Cultivating Community: Kathryn Slomski on the Rabbit Hole Café

If there’s one piece of advice that gets drilled into your head over and over before coming to college by friends and family, it’s to pursue your interests and get involved. Going to class and studying hard is paramount, but that’s already a given when you’ve decided to dedicate the next few years of your life to go to college. What most people will tell you is the next most important thing, is to get involved in something outside of your studies (and I’m pretty sure weekly visits to Café Campus weren’t what they were intending). 

It’s why Kathryn Slomski, U1 Arts student, started volunteering for the Rabbit Hole Café. “I wanted to do something community-service oriented that wasn’t too far from campus,” she said when explaining how she found The Rabbit Hole Café. “I go there every Friday at around 9:30 in the morning to help prep the food, serve lunch, and then clean up afterward.” 

The Rabbit Hole Café is a low-cost vegan café for the people of the Milton Park community, more commonly known to McGill students as The Ghetto. Every Friday of the school year from 12:30-2: 30 pm the Rabbit Hole serves a low-cost, vegan lunch to all members of the community, regardless of whether they go to McGill or not. The lunch typically includes some type of soup and a dessert for $3 with the addition of coffee for $0.50 and an energy snack for $1.50. “I think it’s great because it combines a place for broke college students to get food for cheap with an opportunity for community members, particularly the elderly, to meet new people,” Kathryn explained that seating at the café is limited, so it’s very common for people to end up sitting with someone they’ve never met before. “Students focus primarily on the cheap aspect of it, but for people who live alone and don’t have a whole lot of social engagement, this can brighten up their whole week.”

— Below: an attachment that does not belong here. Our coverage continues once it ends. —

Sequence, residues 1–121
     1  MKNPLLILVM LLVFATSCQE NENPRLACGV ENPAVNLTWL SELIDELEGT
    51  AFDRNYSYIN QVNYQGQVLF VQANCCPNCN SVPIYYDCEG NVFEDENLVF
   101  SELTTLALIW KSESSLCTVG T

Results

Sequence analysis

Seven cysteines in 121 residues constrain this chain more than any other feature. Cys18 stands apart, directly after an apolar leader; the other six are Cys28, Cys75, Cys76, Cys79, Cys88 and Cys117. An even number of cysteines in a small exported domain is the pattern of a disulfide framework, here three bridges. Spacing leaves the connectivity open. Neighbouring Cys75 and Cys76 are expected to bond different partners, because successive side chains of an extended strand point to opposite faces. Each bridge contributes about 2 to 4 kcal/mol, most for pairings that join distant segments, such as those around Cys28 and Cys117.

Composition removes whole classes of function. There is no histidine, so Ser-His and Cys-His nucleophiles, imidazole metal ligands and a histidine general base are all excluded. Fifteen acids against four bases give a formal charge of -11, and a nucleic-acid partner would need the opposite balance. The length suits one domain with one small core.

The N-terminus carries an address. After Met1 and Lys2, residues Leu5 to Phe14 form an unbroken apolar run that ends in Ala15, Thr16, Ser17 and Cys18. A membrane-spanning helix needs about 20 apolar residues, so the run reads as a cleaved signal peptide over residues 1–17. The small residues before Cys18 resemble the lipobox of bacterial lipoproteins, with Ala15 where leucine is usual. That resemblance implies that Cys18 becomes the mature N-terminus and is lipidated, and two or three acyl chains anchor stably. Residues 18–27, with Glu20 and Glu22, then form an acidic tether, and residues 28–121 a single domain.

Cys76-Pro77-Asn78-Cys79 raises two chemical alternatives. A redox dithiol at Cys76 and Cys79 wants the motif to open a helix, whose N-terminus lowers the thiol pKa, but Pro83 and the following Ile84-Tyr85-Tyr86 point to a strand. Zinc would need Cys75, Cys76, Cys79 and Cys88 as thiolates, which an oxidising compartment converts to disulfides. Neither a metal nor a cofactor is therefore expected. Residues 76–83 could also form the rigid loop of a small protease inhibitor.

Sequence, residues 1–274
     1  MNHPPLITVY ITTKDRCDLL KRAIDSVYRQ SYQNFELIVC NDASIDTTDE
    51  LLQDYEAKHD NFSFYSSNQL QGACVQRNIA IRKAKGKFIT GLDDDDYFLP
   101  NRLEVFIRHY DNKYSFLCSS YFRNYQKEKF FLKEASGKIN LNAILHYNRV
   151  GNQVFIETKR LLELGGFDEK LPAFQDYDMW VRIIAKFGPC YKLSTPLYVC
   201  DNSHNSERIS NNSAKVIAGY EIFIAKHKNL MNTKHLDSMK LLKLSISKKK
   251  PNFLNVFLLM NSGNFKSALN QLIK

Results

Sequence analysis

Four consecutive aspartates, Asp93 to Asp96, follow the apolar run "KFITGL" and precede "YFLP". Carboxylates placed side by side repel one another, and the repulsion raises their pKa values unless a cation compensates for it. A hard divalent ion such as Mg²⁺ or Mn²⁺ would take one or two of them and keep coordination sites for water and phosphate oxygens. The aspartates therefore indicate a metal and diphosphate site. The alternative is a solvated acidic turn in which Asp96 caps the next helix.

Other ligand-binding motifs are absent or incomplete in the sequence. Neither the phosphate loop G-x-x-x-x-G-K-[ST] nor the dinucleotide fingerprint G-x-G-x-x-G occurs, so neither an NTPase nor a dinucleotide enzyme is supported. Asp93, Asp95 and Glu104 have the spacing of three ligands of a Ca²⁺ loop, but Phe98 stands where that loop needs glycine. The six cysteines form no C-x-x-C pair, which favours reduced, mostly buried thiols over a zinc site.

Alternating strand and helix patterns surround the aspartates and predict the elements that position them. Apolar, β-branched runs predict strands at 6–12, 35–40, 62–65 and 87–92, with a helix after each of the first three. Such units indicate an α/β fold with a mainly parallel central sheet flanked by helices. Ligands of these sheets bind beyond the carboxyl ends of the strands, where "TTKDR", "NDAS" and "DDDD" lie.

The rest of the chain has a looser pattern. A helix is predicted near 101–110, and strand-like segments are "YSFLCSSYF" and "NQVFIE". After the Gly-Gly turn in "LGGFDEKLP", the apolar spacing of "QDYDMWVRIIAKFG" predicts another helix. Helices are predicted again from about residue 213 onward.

As a first-year student coming from the United States, Kathryn understands the feeling of not knowing anyone in a big city and how overwhelming it can be. “The Yellow Door is all about empowering both older and younger people to engage in the community. It’s important to make sure community members don’t feel isolated in such a big city.” She explained that the Yellow Door has a variety of different programs including an open mic coffee house every Friday night and a multitude of workshops focused on things like art, knitting, yoga, meditation, music, woodcarving, film, reading, and garden projects. “The Rabbit Hole Café is only open during the school year, but the rest of the activities that Yellow Door organizes happen year-round.” 

The opportunity for others to get involved at Yellow Door is always available. “We’re always looking for more volunteers, especially in the elderly outreach program where volunteers get paired with an elderly community member and help them do errands or just sit and talk with them for a while,” Kathryn explained that because a lot of the volunteers are students, there’s a lot of movement as they come and go, and always room for more. “It’s an easy way to get involved with something not directly involved in McGill that still impacts the community in a way most people forget about. Sometimes it’s as simple as having someone to talk to over lunch that makes the biggest difference in someone’s life.” 

For anyone interested in getting involved with The Yellow Door organization or the Rabbit Hole Café, all you have to do is send the director an email. For contact information and more about the program opportunities available, visit http://www.yellowdoor.org/. 

 

Images obtained from: 

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